Islam in Turkey: What Threatens Secularism | World Events – Estimates and Forecasts from Germany and Europe | DW

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The head of the Turkish Directorate for Religious Affairs (Diyanet) Ali Erbas is known for his conservative interpretation of Islam and views that for many Turks are no longer up to date. The fact that Airbus blamed homosexuals and those who decided to divorce for the COVID-19 pandemic was just one of his dubious statements that caused a flurry of criticism. Nevertheless, since 2017, Airbus, as the main Islamic authority, has played an increasing role in Turkish society.

His loudest performance was the opening ceremony of the mosque in Hagia Sophia in July 2020, which he hosted. During his Friday sermon, Airbus carried his sword. The gesture, which is based on the Ottoman tradition, outraged part of the society. Many saw this as a deliberate departure from the republican heritage of Turkey.

Quran Study Courses for Preschool Children

Since then, Erban has become the most important voice of the country’s conservative forces. Now the Department of Religious Affairs under his leadership requires that children aged 4 to 6 attend compulsory courses in the study of the Koran before school.

Airbus at the opening ceremony of the mosque

To achieve this goal, negotiations are underway with the Ministries of Education and Science. Meanwhile, many were critical of this idea, despite the fact that President Recep Tayyip Erdogan keeps repeating that he wants to see the future generation more religious, brought up on Islamic-conservative values.

Airbus’s agency is also trying to intervene in the digital world: in a publication titled Social Media Ethics, the Religious Affairs Office advocates regulating social media using Islamic structures acting as judges, and using them to punish misconduct if the law does not provide for this. The Turkish leadership is currently trying to increase its influence on the Internet.

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“Islam should be in every area”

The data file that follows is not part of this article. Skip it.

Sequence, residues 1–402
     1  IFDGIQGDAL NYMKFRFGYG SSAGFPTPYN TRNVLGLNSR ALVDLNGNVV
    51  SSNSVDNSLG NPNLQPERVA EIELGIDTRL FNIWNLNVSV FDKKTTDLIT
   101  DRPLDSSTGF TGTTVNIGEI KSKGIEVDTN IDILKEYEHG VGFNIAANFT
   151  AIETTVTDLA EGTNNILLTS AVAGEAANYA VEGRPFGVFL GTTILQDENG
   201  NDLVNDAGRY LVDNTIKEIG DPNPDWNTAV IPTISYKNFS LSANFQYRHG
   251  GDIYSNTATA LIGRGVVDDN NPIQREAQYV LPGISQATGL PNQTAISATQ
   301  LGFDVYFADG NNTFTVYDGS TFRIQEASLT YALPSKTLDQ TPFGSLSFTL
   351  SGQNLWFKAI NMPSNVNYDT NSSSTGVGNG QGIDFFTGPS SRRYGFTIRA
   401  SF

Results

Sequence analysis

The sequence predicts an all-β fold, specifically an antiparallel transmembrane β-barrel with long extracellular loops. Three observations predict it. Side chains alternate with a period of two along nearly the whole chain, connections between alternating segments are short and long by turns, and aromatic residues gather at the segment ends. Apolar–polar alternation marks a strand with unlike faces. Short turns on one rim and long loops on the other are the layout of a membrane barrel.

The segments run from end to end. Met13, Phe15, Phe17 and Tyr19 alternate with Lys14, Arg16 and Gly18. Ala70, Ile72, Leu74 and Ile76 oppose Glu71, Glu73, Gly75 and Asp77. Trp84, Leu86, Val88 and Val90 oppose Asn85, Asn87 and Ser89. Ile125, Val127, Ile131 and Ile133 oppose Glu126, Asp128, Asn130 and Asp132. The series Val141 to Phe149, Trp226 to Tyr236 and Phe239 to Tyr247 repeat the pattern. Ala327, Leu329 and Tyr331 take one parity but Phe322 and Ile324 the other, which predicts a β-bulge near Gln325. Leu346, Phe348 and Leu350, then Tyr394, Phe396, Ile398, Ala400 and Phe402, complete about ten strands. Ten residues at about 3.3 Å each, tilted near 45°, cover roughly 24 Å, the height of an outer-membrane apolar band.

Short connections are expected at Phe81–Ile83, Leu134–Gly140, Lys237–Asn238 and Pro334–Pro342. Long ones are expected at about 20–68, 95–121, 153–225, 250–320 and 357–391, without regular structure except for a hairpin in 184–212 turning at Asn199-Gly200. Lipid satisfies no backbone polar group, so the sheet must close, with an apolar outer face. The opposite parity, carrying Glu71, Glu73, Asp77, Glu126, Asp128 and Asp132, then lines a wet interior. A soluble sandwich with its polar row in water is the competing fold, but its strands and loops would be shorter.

Two weeks ago, Airbus, along with Erdogan, opened the annual ceremony for judges in Turkey. For the first time in the history of the country, it was accompanied by a prayer delivered by the head of the department for religious affairs.

Head of the Turkish Department of Religious Affairs Ali Erbas and President of Turkey Recep Tayyip Erdogan

Ali Erbas and Recep Tayyip Erdogan

For the opposition and liberal forces, the agency’s growing influence is a signal that the principle of separating religion from the state in Turkey is beginning to erode. But Airbus only supports the strengthening of the role of his department: “Why shouldn’t religion be a visible part of society?” He advocates for Islam to be present in every area of ​​society, including justice.

“The War on Secularism in Turkey”

Journalist Burchu Caracas, who studies the activities of the Department of Religious Affairs, observes this trend with concern: “The words of Airbus show that the state wants to regulate the public sphere with the help of religion. much broader. The government is waging a war against secularism and is using this organization as a tool in it. “

Significant growth in the budget of this organization is also a sign of the growing influence of the Office of Religious Affairs. In 2021, it is 12.9 billion lira, while 10 years ago – only 3 billion. Against this background, Airbus’s powers were extended, and on October 8 he was re-appointed as head of the organization.

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